In episode two, Professor Brian Cox is off to India, where he assesses arguably the first evidence of rational thought in literature, the poetry of the Vedic monks. They pondered mankind's origins, realising there must have been a day with no yesterday - a day of creation - prompting the age-old question of where did the universe come from? Brian marvels that the universe seems to follow a set of rules, the laws of physics, allowing space to be considered on the grandest scale, travelling to the most distant, farthest reaches of the cosmos just by using our minds. Brian also visits Japan, and offers viewers the idea that man lives in just one of an infinite number of universes that are being made all the time.
Category:Science Duration:59:00 Series: Human Universe
In this second episode we travel from January to the March equinox. Kate Humble gets closer to the Sun than she has ever been before, whilst Helen Czerski visits a place that gets some of the biggest and fastest snowstorms on Earth.
Category:Nature Duration:59:00 Series: Orbit: Earth Extraordinary Journey
VICE makes history on a trip to North Korea to play hoops and meet with supreme leader Kim Jong-un. With NBA great Dennis Rodman and a trio of Harlem Globetrotters in tow, we traveled to the capital of Pyongyang for a tour of the city, a basketball clinic, an exhibition game, and a first-ever meeting between the leader and an American delegation.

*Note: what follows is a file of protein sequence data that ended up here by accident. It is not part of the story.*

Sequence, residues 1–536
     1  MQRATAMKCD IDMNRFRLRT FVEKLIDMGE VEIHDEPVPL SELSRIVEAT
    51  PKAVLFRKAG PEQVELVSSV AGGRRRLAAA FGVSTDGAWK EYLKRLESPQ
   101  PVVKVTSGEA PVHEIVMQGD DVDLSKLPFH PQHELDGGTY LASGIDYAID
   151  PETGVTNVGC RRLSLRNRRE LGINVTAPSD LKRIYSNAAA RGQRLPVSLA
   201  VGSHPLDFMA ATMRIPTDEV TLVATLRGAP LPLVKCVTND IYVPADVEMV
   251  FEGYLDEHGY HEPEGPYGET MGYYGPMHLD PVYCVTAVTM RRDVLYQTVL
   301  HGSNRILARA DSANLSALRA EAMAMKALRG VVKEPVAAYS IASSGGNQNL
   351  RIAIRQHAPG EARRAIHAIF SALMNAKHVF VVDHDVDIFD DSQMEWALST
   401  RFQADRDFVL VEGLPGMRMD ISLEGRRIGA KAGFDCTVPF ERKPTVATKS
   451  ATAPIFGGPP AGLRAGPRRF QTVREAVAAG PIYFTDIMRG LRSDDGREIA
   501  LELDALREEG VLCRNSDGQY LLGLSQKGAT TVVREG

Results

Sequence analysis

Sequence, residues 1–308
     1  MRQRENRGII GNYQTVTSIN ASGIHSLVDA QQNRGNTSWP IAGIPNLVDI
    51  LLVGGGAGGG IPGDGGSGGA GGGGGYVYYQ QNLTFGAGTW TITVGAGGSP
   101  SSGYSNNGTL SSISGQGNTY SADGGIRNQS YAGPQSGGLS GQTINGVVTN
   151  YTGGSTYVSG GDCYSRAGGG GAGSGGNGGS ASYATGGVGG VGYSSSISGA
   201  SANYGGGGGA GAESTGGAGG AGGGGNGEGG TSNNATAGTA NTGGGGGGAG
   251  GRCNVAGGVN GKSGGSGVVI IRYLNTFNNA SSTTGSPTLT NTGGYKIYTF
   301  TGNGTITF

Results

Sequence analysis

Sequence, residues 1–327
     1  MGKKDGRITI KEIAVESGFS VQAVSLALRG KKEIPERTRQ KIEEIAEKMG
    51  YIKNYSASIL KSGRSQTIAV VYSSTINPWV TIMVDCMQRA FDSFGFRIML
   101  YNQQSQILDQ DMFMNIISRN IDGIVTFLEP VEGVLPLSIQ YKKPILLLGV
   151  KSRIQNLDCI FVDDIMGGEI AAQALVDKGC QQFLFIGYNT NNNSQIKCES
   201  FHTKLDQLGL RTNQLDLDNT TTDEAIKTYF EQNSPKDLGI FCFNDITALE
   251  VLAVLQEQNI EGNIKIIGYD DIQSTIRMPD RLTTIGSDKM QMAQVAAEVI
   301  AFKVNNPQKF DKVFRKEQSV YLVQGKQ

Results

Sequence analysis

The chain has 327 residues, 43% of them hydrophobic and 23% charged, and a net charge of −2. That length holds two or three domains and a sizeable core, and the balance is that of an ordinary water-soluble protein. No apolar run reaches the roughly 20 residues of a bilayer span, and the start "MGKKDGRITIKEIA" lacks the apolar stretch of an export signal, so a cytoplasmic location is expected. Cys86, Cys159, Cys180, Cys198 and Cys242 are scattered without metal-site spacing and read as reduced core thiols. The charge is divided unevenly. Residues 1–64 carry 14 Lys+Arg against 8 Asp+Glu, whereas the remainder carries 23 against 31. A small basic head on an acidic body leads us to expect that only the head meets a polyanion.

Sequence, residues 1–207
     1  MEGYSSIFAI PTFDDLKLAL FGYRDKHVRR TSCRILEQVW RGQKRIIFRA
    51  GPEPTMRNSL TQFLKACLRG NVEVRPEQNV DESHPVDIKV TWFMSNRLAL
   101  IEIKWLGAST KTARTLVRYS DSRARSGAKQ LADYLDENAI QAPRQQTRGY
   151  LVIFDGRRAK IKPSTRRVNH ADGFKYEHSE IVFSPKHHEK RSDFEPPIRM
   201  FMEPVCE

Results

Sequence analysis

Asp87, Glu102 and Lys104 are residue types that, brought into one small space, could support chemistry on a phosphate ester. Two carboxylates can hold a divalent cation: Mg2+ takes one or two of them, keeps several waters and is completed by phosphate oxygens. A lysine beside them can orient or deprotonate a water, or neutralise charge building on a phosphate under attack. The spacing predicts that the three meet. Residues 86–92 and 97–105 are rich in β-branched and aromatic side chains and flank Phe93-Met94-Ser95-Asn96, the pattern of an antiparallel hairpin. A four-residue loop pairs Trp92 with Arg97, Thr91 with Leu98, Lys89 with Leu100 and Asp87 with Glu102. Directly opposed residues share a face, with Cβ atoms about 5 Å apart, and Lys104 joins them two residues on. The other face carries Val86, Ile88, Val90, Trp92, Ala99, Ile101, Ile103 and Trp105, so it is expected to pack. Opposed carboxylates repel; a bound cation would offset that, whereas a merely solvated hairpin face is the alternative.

Category:Culture Duration:28:00 Series: Vice
'Dinosaurs: Giants of Patagonia' Following Pr Rodolfo Coria, a world-reknown Argentinian paleontologist, we visit sites of major discoveries he has contributed to in Patagonia and travel back in time to see these amazing beasts come to life in 3D. Patagonia has given us the largest living animal to ever walk the Earth: the titanesque plant-eating Argentinosaur, and its nemesis, the Giganotosaur, a bipedal carnivore that could easily challenge the famous T-Rex.
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